As I mentioned in a previous post, the Andean northwest beats to the sound of a different drum. Its music has more in common with that of Bolivia and Peru than the urban tango of Buenos Aires. The instruments are different, as are the rhythms, lyrics and melodies.
The Soundscape of Argentina’s Northwest
Nothing, however, quite prepares you for Gaby Kerpel. In his benchmark album, Carnabailito, he took the sounds, mood and, most importantly, the vibe (or onda as they would say in Argentina) of this stunning part of the country and mixed it, mashed it, messed it until it was, if not quite unrecognisable, then certainly genre defying. The name of the album alone squares it firmly in the provinces of Salta and Jujuy – Andean cultures that celebrate carnival in a blur of homemade maize hooch called chicha and locro (stew).
What Gaby Kerpel does for the Argentinian northwest, along with highlighting the folk touches, is create a soundscape – one that reflects the confusions and ironies of Salta and Jujuy. Yet its sound is also firmly rooted in Buenos Aires. Or, should I say, a particular Buenos Aires music scene, one where young urban musicians focus on their roots to create a new fusion. We saw it with the electro-tango movement and also later with the young, almost anarchic, tango orchestras such as the Orquestra Típica Fernández Fierro.
The themes of tango and folklore became relevant during the financial crisis, when all of a sudden stories of loss and poverty resonated again. Gaby Kerpel can now be seen as a founding member of this movement, and one of its most successful proponents – a movement that spins predominantly around the Zizek label: ZZK Records. As Gaby Kerpel he only released one album – Carnabailito – in 2003, but its influence has been vast and worldwide. Yet, as is also de rigueur, he can change roles from musician to producer, to DJ, to artist as he swaps instruments.
King Coya Comes to Life
Gaby’s alter ego, is King Coya. ZZK Records describe King Coya as being from the Northern Argentine Andes and is ‘the digitalized, imaginary version of Gaby Kerpel’. His latest release Digital Folk Cumbia: Cumbias de Villa Donde, from 2009 is a collection of folklore, mixed for consumption on a sweaty dance floor with too much Fernet and Coke. Again, it comes from behind the decks of Zizek Club – along with other adherents such as the mash up artists Chancho Via Circuito and Villa Diamante, also looking to the northwest for inspiration.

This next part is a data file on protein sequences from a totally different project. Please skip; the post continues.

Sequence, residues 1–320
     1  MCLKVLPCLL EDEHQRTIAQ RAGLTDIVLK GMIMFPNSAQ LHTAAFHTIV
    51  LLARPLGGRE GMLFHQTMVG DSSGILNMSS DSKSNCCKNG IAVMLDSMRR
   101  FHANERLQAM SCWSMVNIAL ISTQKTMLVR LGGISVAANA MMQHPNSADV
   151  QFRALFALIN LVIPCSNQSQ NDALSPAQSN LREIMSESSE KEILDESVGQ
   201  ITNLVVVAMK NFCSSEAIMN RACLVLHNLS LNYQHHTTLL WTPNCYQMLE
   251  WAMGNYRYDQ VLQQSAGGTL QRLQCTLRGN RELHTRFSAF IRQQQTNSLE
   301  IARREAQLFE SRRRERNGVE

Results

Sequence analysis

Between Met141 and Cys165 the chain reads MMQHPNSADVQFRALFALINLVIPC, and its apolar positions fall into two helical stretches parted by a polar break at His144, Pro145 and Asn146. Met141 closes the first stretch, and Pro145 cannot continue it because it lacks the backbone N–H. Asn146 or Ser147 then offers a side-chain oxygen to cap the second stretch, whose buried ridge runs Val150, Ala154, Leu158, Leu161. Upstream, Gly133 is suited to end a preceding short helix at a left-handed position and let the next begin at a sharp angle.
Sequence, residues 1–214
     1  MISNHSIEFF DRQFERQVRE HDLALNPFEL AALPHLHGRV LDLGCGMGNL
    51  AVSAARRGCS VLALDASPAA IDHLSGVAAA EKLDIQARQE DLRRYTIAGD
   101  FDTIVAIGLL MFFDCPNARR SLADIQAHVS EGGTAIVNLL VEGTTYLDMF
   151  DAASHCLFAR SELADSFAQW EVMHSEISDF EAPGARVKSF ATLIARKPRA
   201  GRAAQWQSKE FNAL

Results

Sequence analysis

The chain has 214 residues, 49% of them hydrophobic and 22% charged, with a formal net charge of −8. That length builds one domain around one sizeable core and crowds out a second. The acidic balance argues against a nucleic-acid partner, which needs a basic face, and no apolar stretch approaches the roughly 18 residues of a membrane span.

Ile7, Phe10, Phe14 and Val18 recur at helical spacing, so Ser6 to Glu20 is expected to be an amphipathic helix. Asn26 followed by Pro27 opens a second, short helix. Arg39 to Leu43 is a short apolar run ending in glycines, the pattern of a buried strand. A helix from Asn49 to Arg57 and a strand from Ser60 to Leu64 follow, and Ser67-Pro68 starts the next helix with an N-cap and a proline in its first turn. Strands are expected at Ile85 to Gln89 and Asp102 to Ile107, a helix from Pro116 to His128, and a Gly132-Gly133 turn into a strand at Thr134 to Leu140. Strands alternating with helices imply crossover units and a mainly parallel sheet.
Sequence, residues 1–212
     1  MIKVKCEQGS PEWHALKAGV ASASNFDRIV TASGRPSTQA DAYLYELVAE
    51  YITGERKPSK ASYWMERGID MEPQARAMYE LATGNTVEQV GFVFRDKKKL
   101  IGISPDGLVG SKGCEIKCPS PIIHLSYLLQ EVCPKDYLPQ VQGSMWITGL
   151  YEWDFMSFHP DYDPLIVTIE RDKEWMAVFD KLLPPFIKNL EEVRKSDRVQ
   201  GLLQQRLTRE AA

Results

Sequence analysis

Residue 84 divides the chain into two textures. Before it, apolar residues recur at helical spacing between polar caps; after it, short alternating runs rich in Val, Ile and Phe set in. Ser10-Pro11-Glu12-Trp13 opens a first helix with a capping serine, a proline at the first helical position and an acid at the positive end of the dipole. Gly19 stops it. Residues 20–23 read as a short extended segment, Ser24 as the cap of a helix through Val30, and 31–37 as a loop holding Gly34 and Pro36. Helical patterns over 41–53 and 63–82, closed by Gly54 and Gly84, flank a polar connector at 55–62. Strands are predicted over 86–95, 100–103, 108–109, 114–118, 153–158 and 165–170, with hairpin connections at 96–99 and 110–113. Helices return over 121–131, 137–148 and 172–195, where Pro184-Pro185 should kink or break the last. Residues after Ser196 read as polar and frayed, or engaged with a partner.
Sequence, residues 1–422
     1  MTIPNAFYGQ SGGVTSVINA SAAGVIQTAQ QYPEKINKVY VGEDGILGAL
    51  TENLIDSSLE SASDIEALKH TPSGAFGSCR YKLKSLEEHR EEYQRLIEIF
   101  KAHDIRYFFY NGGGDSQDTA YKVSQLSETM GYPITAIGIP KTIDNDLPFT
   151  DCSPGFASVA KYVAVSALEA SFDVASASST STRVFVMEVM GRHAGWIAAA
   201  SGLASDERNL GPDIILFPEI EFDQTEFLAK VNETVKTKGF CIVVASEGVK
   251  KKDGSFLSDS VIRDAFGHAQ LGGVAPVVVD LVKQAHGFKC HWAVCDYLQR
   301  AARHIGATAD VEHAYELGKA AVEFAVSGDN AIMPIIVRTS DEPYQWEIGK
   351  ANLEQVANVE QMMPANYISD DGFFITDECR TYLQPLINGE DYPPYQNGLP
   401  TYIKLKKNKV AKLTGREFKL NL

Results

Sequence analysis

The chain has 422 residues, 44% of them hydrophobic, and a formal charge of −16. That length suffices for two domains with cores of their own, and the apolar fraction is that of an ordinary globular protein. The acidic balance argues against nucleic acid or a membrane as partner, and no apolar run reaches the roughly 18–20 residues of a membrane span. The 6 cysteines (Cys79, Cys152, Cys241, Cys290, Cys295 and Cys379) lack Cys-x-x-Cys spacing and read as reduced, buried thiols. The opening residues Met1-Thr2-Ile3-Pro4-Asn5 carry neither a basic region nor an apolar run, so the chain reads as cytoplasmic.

Cumbias de Villa Donde is also inspired by the cumbias of Colombia and Peru and includes a track with Petrona Martinez, a Colombian singer who was nominated for a Grammy in 2002. With the charango (a mandolin type stringed instrument), we have dirty synthesized beats; with the coplas (songs sang by women, accompanied only by a hand drum) we have mash ups of diverse samples. It all sprang from the dance floor.
Gaby Kerpel himself has quite some history. Notably he was the composer who conducted the score to De La Guarda and Fuerza Bruta – the highly energetic theatre shows whereby the performers would be suspended from the theatre roof and the audience marvel at the show above their heads. It was a frenetic show and one soundtracked by Gaby Kerpel. The album came out on Island Records, and the shows toured the world to astonishment and much copying. It was the indigenous beats and folklore dance that inspired the whole De La Guarda movement.
For Carnabailito, however, he brought in the big guns: namely Gustavo Santaolalla to produce the album. Santaolalla will be the subject of an upcoming post, but I can almost guarantee you have heard his work – he won two Oscars for soundtracks to Brokeback Mountain and Babel and also contributed tracks to Deadwood, The Motorcycle Diaries and Collateral. Oh, he also was a founding member of the Bajofondo Tango Club. His subtle filmic touch can be heard across the album. You can listen to the album Carnabailito on Spotify.
For more information see: http://zzkrecords.com/artist/King_Coya
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